European Stocks & Bonds Battered By Return Of LTRO Stigma

Tyler Durden's picture

When the ECB first announced the LTRO in late 2011 (and executed in early 2012) we explained how the ECB's encumbrance via this 'aid' is in fact a major negative for the rest of the capital structure. We were proved correct and even as Draghi lied and stated there was no stigma, the market priced the LTRO-encumbered banks notably weaker. Of course, the banks with the greatest need for support were the ones who grabbed the ECB's punchbowl that time and it seems as fears re-awaken in Europe, risk-appetite towards these ECB-dependent banks (relative to non-LTRO banks) is waning rapidly. The so-called LTRO Stigma (the spread between LTRO and non-LTRO bank credit) is back at 5-month wides as investors rotate away from any and every bank outside of the core. This weakness rubbed off everywhere in Europe as Italian and Spanish bonds saw their worst day since the Italian elections as European stocks slumped and Europe's VIX is now 4.5vols higher than Monday's open.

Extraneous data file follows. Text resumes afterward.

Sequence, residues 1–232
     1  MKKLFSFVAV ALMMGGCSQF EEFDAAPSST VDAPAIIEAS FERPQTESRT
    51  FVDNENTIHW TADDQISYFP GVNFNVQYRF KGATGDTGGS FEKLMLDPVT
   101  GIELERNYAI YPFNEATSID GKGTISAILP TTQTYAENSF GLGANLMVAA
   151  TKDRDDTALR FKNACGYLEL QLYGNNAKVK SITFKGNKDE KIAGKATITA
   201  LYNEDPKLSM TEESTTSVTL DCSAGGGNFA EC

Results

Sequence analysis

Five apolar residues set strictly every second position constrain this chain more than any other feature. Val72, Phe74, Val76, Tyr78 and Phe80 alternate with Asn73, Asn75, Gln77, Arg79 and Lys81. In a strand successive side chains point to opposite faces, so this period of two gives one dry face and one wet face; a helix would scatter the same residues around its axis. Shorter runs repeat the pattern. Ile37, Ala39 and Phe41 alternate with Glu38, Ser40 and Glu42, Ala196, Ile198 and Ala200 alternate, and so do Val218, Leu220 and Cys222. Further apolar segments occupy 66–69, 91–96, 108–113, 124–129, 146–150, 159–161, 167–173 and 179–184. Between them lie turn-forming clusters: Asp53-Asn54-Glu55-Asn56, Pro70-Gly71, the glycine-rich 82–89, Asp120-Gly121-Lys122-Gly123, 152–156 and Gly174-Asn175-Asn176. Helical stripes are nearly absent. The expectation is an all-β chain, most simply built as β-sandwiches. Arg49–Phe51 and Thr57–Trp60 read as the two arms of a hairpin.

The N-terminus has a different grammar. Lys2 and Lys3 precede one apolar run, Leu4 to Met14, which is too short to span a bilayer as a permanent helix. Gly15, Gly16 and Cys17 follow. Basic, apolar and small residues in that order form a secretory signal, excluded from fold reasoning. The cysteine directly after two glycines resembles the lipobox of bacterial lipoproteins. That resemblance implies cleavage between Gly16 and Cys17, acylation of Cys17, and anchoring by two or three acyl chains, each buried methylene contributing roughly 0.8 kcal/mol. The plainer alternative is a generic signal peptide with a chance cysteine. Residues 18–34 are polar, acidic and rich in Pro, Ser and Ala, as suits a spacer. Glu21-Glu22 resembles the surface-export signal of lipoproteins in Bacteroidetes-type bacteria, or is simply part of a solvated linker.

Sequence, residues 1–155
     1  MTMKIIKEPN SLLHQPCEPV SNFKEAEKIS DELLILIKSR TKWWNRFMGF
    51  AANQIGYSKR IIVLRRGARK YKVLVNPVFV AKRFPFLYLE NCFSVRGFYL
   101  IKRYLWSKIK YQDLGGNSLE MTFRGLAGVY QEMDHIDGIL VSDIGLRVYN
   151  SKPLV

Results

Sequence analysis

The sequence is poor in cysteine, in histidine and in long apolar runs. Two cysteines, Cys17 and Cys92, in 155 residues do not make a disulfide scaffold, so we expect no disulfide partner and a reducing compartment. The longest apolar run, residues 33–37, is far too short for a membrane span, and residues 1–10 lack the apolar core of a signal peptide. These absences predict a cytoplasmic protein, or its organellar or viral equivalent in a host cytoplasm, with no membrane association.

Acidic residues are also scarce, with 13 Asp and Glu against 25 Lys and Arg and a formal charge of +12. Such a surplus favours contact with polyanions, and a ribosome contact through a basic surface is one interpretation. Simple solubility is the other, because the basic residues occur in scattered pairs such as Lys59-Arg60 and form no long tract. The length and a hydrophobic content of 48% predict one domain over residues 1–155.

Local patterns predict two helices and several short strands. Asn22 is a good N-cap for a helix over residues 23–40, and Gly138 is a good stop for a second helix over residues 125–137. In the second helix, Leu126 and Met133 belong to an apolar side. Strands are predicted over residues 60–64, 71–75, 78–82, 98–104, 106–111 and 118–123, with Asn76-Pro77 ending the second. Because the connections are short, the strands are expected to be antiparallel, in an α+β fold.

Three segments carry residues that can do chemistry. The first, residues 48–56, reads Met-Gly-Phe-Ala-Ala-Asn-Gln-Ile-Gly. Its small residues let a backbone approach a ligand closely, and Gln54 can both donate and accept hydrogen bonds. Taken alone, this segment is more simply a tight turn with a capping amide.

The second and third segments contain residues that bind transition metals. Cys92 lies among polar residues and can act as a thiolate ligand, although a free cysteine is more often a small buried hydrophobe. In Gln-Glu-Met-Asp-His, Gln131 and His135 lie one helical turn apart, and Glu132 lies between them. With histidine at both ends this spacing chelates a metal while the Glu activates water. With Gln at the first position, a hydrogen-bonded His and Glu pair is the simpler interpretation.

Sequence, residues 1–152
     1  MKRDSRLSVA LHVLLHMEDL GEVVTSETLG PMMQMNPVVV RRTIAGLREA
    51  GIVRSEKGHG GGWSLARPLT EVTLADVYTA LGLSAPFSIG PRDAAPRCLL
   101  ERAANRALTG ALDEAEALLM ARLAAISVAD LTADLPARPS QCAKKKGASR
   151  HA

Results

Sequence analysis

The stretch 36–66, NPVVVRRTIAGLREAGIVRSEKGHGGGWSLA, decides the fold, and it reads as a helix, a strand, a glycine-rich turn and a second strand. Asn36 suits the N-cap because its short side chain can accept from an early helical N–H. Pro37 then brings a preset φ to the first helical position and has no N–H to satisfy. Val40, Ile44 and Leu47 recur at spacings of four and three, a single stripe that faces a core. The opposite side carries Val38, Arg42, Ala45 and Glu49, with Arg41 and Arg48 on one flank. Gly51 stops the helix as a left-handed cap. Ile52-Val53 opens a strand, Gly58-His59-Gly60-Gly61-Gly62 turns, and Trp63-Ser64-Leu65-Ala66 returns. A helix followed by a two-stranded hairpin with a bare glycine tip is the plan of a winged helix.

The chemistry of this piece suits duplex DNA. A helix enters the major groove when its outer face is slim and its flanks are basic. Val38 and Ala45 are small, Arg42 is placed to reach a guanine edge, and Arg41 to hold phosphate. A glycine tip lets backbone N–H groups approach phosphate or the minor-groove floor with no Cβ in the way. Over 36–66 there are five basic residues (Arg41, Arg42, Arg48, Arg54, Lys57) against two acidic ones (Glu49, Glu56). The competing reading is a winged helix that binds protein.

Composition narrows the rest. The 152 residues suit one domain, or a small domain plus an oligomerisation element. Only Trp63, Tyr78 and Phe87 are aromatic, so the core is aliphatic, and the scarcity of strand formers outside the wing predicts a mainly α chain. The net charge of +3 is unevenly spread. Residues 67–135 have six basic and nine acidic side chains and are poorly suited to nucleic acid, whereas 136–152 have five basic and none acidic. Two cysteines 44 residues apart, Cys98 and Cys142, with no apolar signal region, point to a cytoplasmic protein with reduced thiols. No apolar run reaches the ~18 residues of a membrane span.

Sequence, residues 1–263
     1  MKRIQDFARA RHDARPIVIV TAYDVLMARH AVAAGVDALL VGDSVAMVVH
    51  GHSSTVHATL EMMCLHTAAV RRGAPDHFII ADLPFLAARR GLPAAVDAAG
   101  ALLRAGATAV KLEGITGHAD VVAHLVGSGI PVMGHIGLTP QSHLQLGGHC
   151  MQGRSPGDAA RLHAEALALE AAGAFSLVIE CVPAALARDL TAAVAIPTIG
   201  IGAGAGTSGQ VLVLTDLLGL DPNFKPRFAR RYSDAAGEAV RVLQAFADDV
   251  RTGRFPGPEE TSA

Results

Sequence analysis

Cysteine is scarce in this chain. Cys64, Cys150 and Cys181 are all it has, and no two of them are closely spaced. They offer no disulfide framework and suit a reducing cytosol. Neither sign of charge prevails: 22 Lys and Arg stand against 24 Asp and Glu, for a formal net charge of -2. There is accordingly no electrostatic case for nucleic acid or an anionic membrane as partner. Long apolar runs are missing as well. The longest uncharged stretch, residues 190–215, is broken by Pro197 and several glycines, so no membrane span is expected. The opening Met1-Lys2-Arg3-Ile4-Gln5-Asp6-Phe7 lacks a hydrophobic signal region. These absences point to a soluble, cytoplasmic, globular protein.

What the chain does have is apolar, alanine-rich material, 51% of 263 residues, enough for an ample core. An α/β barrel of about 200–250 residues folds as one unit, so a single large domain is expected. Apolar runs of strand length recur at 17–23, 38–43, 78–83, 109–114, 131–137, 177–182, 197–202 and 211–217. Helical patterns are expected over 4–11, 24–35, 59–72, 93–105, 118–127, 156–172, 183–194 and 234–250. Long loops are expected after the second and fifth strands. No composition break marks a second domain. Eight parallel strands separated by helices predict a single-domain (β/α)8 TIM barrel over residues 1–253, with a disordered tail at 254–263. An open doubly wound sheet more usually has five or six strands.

Banks are trading at their widest spreads in 5-6 months... and the stimage for LTRO names is clear

 

and the safety bid is now in Bunds and NOT in Swissie as 2Y Bund yields compress through swiss for the first time ever...

 

and while European stocks rose gently into the close, European sovereigns did not (at all)...

 

Italian bond spreads are now at 3 month wides over 350bps and Spanish bond yields back over 5%

 

Charts: Bloomberg